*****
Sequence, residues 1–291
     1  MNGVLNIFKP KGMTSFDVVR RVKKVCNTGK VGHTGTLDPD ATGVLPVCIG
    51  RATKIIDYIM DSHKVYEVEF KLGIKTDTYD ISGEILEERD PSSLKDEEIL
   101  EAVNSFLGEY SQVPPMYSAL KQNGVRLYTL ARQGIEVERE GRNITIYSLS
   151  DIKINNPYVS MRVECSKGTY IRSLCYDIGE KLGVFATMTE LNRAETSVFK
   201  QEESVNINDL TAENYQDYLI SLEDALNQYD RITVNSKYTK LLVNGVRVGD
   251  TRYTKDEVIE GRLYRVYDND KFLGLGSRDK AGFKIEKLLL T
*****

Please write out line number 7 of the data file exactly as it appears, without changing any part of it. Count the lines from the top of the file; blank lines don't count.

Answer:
   251  TRYTKDEVIE GRLYRVYDND KFLGLGSRDK AGFKIEKLLL T